It’s best if you choose a room that does not have a lot of echo. Echo will muddle the audio and make your subject more difficult to understand.
Either choose a location without much clutter, to try to clear away as much clutter that might be distracting as possible. Drink cups, disorganized piles of paper, etc. need to be moved out of the frame before you film anything.
Choose a space that reflects the interview subject's personality and gives the audience information about what the subject does and what they are knowledgeable about.
Plan for at least 30 minutes of setup time before your interview to get chairs in the right place, to make sure your lighting is good, to set up the tripod, etc.
Use a tripod for your camera!
Sit just out of view of the camera – you don’t want your subject looking way off the side of the screen, just slightly off-camera. A good technique is to sit as close to the camera as you can, with your head just to the side of the camera.
As a general rule, you as the interviewer should be between the camera and the light source.
Turn off fans, buzzing fluorescents, and compressors. Unplug refrigerators and water fountains. Turn off HVAC systems.
Video cameras need a lot of light to make good pictures, so turn on every light you can find and, if possible, face your subject toward a window and get them as close to it as possible (while still leaving room for you and the camera in front of them!).
If you need a little more light, put a table lamp next to you, on the other side as the camera. The lampshade will help diffuse and soften the light, but don't be afraid to take the shade off of the lamp if you need the extra light.
Bringing in and using additional lights makes a big difference in the look of an interview. Your lights don't need to be fancy or expensive; Even an incandescent work light with a piece of baking parchment in front of it will do wonders for your image.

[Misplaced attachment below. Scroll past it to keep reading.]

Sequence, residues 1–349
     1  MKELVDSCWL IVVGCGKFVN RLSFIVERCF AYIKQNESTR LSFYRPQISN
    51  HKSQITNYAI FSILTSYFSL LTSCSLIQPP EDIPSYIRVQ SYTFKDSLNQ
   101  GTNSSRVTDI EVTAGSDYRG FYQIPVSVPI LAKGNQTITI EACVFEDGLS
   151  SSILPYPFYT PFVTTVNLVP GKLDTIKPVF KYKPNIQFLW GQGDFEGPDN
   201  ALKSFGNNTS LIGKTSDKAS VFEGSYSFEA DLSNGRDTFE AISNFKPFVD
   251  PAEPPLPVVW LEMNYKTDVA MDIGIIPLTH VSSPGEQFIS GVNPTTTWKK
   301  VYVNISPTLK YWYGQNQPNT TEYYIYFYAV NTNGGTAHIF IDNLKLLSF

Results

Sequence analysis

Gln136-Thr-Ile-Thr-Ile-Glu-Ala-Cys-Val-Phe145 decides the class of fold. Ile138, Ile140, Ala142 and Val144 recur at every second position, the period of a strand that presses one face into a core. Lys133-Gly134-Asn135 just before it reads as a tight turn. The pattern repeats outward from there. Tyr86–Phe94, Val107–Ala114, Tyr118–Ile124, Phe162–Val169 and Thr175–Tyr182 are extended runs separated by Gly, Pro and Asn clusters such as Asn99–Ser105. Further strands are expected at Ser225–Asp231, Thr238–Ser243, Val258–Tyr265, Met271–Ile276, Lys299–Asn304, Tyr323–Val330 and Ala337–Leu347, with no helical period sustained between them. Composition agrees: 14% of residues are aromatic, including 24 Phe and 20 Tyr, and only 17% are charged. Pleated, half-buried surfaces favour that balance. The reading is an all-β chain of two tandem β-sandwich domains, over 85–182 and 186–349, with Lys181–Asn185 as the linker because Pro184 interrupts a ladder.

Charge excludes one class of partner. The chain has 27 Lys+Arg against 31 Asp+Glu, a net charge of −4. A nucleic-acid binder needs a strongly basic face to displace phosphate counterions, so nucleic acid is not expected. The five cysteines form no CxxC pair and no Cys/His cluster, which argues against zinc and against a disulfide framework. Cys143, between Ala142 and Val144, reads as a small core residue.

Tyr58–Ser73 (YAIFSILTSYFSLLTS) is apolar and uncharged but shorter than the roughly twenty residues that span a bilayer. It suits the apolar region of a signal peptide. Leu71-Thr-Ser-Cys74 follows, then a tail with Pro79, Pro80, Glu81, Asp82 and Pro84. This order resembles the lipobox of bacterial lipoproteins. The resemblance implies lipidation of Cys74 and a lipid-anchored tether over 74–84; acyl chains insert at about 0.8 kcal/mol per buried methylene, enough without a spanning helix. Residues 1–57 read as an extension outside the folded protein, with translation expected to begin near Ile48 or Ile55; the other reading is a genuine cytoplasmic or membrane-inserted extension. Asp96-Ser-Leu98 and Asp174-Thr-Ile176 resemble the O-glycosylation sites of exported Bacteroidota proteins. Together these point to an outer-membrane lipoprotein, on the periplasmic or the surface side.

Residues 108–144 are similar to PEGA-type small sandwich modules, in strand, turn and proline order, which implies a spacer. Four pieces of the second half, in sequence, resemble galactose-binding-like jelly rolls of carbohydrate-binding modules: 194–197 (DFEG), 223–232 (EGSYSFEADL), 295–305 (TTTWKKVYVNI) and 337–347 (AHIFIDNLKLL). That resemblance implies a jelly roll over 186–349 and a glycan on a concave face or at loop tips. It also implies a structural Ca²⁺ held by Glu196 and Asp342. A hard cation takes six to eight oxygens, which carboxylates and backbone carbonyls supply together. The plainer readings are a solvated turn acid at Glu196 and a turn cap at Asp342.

Make sure your camera is set to the proper white balance for the light. Different forms of light, while they all look basically 'white" to our eyes, actually have different colors that can trick your camera. Click here for a more detailed explanation of using your camera's white balance settings to improve the look of your interview.
A “head and shoulders” or “head and torso” shot is a good way to frame someone during an interview.
Try to get rid of distracting objects behind the person you are filming; this includes legible posters and trees and buildings growing out of heads.
Rule of Thirds: A person’s head should not be in the exact middle of the screen, but about two-thirds of the way up and a third of the way from one of the side edges.
Be sure to give the subject plenty of visual headroom and space in front of them. If the edge of the frame is directly in front of the subject's face, it will look like they're boxed in.
The focus of the image should be on the subject, meaning that they should be the most prominent thing in the frame.
Position the camera at nose-level, not forehead-level or neck-level, for the most flattering angle.
When using a wireless clip-on ("lavalier") microphone:
Place the microphone at shoulder- or upper chest-level; If the microphone is too far down shirt, the voice will sound boomy and distant.
Hide the microphone cord
Run it inside the shirt and clip microphone to polo lapel or shirt collar.
Run from suit jacket pocket up inside lapel of jacket and clip the microphone to the lapel.
Run up the back of your subject and under the collar of a collared shirt and clip the microphone inside the outside flap.
If you aren't outside, you don’t need the windscreen (the foam covering on the microphone). You can take it off, just don’t lose it!
If you don't have a wireless clip-on microphone, be sure you make the room as quiet as possible. Turn off fans, computers, buzzing fluorescents lights, refrigerators, water fountains, and HVAC systems. Then position your interview subject about 4-6 feet in front of your camera so that the subject is not too far away for the camera’s microphone to pick up good audio.
It is a good idea to wait a few seconds after hitting the "record" button before having the subject speak. The record button shouldn’t be pushed again to end the recording until a few second after the person stops speaking.
Is seeing believing?
Definitely not, but here are a few videos from YouTube, created by LinkedIn Learning Solutions, that will help you in the process to start recording good interviews, set up your lighting, compose your shots, and make sure you have good audio when recording your video.
Interview Composition Tips
Studio lighting tutorial: Understanding the directions of light
Audio recording: The different microphone types
Recording a speaker
External audio settings
Audio recording: Booming techniques
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